This "liability" came into harsh focus a few months ago for me. A young man with a mild but significant mental handicap had befriended our house and begun coming around regularly. There were other issues we as a house had to deal with, like him asking for food and money, but the most frustrating thing for me was the process of realizing I couldn't offer him hospitality in the same way that my male housemates could. This young man presented a special challenge because his differently-abled-ness involved not only low social inhibitions but also a very short temper--and this guy was about 7 feet tall and stronger than he knew. Although we wanted to be welcoming to him, we eventually found we needed to set some boundaries, and for myself and the other female housemate, that meant not allowing him into the house when we were home alone.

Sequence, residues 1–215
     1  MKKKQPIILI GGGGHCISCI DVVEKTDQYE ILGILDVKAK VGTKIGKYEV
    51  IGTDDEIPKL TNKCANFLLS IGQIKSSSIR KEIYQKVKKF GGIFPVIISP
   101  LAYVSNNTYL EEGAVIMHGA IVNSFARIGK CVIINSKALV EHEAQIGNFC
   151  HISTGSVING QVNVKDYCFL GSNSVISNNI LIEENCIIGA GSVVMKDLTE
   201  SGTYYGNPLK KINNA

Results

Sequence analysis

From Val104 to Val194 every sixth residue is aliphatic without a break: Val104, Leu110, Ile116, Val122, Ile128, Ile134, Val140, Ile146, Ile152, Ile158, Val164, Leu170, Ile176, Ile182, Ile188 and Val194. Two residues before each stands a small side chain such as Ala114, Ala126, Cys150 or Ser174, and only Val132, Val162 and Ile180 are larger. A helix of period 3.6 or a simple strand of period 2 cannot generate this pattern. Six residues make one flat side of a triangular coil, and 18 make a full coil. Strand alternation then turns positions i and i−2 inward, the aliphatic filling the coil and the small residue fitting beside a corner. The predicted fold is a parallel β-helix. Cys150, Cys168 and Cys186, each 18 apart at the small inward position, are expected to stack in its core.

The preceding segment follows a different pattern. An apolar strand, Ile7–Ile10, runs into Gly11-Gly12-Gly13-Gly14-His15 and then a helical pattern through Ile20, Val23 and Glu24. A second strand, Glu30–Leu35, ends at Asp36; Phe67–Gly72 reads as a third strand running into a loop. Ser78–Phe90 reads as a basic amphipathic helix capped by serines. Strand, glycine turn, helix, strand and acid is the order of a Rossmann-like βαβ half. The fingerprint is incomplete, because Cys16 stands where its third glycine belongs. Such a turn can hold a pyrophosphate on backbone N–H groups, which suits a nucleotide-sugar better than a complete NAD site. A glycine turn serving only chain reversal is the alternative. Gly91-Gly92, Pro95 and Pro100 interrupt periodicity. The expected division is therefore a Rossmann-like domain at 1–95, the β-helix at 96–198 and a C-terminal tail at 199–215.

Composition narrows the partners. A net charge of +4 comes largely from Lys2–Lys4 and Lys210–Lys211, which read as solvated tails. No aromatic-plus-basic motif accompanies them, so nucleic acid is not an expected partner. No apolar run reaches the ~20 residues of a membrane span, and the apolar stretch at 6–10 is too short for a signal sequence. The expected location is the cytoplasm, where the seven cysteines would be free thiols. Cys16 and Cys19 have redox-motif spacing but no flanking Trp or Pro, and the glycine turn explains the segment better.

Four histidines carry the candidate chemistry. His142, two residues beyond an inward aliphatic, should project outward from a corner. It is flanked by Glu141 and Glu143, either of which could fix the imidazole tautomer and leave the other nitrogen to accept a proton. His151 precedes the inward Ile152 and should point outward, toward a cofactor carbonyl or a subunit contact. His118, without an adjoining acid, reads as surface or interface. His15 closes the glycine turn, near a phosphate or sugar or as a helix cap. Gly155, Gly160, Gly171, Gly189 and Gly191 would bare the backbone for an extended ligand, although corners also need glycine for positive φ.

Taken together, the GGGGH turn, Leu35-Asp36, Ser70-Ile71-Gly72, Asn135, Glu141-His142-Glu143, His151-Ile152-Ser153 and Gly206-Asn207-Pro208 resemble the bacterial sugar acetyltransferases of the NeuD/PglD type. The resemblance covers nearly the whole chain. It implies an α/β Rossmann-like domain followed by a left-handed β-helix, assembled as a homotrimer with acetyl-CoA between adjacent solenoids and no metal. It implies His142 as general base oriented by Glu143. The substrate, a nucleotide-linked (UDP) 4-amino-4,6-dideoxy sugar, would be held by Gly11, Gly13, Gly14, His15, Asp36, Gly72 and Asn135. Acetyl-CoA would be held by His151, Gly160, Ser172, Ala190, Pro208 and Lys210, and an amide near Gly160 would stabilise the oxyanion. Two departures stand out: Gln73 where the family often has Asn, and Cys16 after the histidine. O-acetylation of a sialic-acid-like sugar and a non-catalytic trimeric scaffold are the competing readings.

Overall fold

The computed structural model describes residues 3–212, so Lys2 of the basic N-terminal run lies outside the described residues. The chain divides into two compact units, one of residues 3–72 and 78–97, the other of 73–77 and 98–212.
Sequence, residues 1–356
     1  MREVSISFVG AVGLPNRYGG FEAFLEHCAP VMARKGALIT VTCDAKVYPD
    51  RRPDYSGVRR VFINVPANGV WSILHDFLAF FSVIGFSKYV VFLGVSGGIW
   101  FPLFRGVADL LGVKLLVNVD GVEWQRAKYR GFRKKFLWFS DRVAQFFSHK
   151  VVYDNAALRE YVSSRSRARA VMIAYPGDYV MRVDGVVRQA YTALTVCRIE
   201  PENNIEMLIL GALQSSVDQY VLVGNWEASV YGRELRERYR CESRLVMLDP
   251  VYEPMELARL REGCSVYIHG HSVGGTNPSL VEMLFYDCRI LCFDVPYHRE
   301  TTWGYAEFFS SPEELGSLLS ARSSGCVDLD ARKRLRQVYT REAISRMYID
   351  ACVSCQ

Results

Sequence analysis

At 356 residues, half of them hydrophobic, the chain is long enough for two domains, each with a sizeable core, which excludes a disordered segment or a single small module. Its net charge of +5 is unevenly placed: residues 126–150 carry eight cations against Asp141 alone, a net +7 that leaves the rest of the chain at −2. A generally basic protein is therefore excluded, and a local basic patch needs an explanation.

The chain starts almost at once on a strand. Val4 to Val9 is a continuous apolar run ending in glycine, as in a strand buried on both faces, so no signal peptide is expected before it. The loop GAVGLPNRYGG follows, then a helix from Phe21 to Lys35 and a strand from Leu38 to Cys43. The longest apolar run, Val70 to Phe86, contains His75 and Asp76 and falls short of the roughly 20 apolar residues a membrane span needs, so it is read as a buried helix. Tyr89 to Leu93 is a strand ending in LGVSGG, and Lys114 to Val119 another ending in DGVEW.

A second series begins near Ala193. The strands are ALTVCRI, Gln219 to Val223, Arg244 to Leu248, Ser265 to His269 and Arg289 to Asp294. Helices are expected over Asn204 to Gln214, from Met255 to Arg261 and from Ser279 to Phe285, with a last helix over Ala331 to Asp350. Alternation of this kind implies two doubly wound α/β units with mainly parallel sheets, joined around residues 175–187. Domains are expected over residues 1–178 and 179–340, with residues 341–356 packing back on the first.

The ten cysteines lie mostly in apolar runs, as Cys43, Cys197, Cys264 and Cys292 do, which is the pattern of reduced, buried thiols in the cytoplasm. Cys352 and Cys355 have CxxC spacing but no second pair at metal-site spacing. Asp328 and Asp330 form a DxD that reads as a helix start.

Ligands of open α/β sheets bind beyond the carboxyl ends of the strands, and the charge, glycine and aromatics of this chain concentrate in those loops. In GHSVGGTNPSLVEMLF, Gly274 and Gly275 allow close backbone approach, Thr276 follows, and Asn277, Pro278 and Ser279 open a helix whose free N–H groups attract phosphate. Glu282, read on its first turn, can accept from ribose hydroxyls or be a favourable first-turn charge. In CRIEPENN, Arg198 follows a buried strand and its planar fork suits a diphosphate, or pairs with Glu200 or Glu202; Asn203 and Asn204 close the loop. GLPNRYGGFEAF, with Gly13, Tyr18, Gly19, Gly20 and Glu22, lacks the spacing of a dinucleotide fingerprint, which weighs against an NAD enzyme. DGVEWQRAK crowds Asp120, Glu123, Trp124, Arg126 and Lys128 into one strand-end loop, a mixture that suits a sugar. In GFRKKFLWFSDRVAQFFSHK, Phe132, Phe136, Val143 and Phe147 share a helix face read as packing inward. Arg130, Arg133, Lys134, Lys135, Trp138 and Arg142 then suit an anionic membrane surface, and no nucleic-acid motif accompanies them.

It made me very angry to have to set those limits. I am not afraid of people. I have done plenty of walking in Durham after dark when it probably wasn't safe--but that's just how I operate. I may be naive, but I also know that there is danger inherent in some of the choices I've made for my life--and I embrace that danger. As I was thinking about writing this blog, my dad passed on an email from a Duke Divinity grad who was at a workshop he had led recently at a church. I assume my dad had talked about hospitality, radical inclusiveness, outreach, etc.--and this man made an observation: that ministry like that could be dangerous.